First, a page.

This is the continuing saga of my questionable choice to sign up for the Minneapolis GORUCK Challenge.
As a participant in the GORUCK Challenge, I will have to carry 6 bricks in a backpack, while completing various tasks, for 12 hours, in a row, starting at 10:00pm. I make good choices.
The obvious first question is, what kind of bricks are required? I haven’t been able to find any guidance from GORUCK on this topic, and there are various types of brick available. Bricks vary in size, exact shape, and some even have holes in them (possible weight advantage!). But I quickly elected to let go of the ridiculous level of analysis that I was beginning, walk into Home Depot, and buy the first 6 bricks that I see. So after dropping just over $3.00, I had my precious stones.
I took roughly the same approach in selecting my first backpack. I went into my basement, looked at the various packs on the camping gear shelf, and picked the one I wouldn’t mind destroying. I chose a JanSport backpack that I purchased at the JanSport Outlet in the late 90’s. It has seen random light duty use over the years on day trips, plane rides, and during college. I don’t think it’s ever been tasked with something quite like a load of bricks. I doubt that this will be the pack that I choose to use during the GORUCK Challenge, but who knows. We’ll see how it holds up.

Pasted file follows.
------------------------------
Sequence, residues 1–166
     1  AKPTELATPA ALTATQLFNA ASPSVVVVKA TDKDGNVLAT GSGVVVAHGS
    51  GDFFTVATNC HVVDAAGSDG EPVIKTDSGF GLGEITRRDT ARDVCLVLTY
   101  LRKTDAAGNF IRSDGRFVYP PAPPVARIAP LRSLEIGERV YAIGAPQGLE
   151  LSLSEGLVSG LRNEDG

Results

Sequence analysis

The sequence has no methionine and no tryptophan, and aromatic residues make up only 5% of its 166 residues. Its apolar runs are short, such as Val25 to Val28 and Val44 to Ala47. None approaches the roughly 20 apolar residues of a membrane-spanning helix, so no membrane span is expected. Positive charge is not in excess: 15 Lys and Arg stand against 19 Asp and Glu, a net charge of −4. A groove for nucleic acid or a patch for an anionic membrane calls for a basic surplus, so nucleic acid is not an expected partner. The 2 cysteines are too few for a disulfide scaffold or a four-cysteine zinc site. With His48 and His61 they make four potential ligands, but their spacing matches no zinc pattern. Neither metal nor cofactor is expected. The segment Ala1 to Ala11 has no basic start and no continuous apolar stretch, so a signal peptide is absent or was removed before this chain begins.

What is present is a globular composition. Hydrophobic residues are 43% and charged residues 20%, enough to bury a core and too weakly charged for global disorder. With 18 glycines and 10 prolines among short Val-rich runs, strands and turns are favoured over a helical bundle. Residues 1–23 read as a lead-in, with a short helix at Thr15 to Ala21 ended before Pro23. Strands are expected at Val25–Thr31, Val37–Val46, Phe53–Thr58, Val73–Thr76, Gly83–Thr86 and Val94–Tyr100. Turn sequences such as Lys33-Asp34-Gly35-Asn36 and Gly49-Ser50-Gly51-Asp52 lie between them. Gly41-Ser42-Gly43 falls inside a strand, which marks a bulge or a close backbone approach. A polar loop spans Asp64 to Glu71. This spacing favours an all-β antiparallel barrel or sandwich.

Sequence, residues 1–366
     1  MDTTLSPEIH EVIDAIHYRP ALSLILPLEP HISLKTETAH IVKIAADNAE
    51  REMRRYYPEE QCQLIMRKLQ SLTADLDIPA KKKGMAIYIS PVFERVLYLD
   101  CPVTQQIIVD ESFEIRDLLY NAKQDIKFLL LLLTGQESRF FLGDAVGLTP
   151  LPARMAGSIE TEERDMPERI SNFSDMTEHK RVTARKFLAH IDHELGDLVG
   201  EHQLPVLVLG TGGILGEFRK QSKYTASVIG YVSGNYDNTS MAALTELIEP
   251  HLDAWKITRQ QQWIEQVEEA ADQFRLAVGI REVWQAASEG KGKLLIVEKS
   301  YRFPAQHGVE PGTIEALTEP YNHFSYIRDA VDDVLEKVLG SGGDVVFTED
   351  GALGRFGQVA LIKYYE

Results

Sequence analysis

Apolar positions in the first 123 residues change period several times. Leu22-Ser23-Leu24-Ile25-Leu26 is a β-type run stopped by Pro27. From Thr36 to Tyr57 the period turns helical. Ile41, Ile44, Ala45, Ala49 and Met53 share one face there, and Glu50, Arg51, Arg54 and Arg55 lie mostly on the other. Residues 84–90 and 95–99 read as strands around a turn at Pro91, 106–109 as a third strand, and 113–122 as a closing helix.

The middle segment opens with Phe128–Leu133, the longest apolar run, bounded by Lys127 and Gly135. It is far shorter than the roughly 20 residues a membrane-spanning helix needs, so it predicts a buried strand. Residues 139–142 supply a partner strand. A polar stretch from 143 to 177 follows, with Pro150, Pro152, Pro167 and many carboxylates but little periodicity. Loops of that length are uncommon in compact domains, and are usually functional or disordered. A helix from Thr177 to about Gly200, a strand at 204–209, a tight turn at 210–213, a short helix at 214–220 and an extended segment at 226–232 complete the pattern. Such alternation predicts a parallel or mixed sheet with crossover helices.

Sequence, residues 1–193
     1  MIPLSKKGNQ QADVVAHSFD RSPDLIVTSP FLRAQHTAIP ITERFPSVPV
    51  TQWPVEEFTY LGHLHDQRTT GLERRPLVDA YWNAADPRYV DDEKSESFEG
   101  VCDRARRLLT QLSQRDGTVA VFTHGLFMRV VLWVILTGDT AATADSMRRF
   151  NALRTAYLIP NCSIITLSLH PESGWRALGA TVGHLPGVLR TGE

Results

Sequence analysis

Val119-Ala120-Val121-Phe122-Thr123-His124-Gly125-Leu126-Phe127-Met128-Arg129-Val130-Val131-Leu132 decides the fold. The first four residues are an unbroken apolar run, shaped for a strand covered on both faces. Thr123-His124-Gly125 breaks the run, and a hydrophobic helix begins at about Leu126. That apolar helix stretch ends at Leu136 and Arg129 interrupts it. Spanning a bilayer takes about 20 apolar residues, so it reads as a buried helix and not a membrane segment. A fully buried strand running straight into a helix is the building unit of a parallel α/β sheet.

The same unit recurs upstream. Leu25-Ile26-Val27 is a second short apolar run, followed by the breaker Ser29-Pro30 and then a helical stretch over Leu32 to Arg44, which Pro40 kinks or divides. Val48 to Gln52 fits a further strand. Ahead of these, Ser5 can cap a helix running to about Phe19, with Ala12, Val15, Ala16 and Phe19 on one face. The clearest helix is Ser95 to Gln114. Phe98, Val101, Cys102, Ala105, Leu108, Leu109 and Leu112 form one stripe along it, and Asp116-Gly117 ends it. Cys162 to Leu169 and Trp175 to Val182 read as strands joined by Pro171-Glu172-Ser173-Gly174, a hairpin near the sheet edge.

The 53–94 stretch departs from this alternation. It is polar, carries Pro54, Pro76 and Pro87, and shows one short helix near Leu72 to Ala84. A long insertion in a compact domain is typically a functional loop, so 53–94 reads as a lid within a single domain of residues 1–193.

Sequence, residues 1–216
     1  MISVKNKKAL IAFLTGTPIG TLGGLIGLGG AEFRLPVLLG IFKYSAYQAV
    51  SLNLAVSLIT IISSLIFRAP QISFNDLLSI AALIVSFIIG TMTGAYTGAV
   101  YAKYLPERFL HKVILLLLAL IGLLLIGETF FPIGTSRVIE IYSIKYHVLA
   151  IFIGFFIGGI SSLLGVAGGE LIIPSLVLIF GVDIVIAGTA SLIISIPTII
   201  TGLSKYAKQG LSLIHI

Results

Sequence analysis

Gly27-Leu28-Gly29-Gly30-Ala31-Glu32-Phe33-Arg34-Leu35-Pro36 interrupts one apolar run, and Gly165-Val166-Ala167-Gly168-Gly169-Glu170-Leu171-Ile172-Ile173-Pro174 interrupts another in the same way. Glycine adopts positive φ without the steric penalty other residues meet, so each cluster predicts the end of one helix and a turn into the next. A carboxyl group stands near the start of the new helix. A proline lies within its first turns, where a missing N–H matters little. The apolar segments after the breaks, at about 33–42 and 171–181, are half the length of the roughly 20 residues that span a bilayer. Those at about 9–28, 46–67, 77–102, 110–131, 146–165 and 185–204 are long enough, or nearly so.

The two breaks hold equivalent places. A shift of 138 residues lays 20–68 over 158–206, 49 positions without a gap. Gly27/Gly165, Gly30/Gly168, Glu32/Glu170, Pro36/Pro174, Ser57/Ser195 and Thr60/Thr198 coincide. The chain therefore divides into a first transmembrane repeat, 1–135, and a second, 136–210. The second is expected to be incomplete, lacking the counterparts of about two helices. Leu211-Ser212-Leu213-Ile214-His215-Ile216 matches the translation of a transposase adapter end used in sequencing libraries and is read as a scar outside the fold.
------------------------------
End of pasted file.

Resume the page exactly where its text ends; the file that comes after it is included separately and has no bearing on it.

The recommended GORUCK GR1 seems like overkill to me. Which is really out of character for me to say, but given my experience with much less expensive backpacks I just don’t see the return on investment… yet. I have various packs and bags from the likes of The North Face, REI, Lowe Alpine, Chrome, and Nashbar, all of them costing less than half of the nearly $300 price tag of the GR1, and none of them has ever failed on me. Of course, I’ve had several JanSport school backpacks that have exploded over the years. Typically, the zipper fails, but I’ve also blown out seams and torn straps. But those bags were cheap discount store bags. The JanSport pack above at least seems a little more robust. We’ll see; it might be fun to watch this thing disintegrate.
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